Re: Assignment problem

*To*: mathgroup at smc.vnet.net*Subject*: [mg86367] Re: Assignment problem*From*: "jwmerrill at gmail.com" <jwmerrill at gmail.com>*Date*: Sun, 9 Mar 2008 05:05:36 -0500 (EST)*References*: <fqo8o1$suo$1@smc.vnet.net> <fqqs3b$kf5$1@smc.vnet.net>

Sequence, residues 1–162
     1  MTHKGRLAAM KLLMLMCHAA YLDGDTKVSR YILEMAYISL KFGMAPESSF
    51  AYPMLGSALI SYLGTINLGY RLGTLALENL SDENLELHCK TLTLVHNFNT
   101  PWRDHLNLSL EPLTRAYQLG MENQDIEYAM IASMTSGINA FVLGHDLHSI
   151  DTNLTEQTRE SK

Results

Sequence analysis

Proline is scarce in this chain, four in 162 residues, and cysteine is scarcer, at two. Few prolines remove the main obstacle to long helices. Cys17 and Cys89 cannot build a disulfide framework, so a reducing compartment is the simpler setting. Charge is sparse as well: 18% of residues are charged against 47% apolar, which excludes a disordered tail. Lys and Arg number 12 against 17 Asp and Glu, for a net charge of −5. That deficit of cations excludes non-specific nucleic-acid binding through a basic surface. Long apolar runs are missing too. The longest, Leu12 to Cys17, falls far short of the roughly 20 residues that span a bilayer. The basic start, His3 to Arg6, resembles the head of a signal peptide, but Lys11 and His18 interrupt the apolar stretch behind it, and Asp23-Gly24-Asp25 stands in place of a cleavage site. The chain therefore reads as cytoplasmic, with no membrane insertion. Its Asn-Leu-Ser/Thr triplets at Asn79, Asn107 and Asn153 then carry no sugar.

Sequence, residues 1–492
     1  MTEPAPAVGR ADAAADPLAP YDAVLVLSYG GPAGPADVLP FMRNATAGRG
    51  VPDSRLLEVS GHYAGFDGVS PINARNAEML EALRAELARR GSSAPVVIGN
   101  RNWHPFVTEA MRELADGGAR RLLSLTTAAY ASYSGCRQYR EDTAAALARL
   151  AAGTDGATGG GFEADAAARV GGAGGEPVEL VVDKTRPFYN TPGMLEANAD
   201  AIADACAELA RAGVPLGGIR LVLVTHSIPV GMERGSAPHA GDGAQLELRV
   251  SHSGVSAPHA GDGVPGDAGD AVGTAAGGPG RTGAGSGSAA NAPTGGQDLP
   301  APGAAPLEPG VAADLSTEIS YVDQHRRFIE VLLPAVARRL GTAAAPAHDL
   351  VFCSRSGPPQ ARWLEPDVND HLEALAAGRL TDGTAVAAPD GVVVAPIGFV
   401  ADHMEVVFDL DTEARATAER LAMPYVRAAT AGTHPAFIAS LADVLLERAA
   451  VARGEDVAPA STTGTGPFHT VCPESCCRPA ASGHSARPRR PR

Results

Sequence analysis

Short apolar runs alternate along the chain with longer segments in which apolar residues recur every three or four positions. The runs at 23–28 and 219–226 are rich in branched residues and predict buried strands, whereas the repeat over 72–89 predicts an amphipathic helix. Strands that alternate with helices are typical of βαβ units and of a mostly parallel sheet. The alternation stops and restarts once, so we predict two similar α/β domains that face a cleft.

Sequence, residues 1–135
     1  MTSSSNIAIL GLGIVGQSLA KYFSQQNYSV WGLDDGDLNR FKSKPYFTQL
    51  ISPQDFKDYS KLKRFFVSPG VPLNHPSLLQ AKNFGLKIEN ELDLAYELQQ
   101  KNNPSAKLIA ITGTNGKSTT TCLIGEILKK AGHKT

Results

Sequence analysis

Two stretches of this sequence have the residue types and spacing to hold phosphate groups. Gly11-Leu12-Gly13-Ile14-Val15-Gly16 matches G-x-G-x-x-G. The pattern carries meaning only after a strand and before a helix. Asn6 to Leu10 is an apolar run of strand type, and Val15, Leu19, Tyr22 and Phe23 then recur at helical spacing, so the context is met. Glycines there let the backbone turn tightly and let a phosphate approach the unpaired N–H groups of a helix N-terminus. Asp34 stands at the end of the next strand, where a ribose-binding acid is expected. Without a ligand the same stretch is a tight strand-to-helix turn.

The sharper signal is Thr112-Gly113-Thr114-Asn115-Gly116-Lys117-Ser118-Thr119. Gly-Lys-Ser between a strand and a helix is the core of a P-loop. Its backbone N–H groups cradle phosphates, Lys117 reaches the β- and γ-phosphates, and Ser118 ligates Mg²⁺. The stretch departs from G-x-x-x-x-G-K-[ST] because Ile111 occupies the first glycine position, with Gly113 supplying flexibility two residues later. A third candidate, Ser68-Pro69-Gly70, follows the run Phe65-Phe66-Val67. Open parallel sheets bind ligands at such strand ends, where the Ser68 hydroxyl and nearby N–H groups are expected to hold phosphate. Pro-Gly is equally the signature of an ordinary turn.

On Mar 8, 5:42 am, Helen Read <r... at math.uvm.edu> wrote: > Albert Retey wrote: > > > Note that usually using a Do-Loop is the better choice in Mathematica: > > (as compared with a For loop). > > This is the second post I've seen today that says that Do loops are > better than For loops in Mathematica. What is better about them (aside > from slightly simpler syntax)? > > -- > Helen Read > University of Vermont Mostly the slightly simpler syntax. For is more general, the downside being that you have to be more careful to understand exactly what it's doing. For instance, you can mess with the iterator inside a For loop, but not inside a Do loop: For[n = 1, n <= 5, n++, Print[n]; If[n == 1, n = 3]] 1 4 5 Do[Print[n]; If[n == 1, n = 3], {n, 1, 5}] 1 2 3 4 5 I think it's more easy to make off-by-one errors using a for loop. Do is a little faster. In[57]:= Timing[Do[Factor[n], {n, 1, 1000000}]] Out[57]= {1.22538, Null} In[58]:= Timing[For[n = 1, n <= 1000000, n++, Factor[n]]] Out[58]= {3.10699, Null} It's partly a stylistic kind of thing. Mathematica lets you do procedural style programming, but the functional style is closer to it's sweet spot. In this example, the difference is small, but if you want to do something like square a bunch of numbers, then it's a lot nicer to do In[59]:= numbers = {1, 12, 50}; result = Map[#^2 &, numbers] Out[60]= {1, 144, 2500} than In[106]:= numbers = {1, 12, 50}; result = {Null, Null, Null}; For[n = 1, n <= Length[numbers], n++, result[[n]] = numbers[[n]]^2] result Out[109]= {1, 144, 2500} There is so often a better way to do things than using a For loop (the difference can be very small or somewhat less small), that my first instinct is to avoid For entirely except under very special circumstances. Regards, JM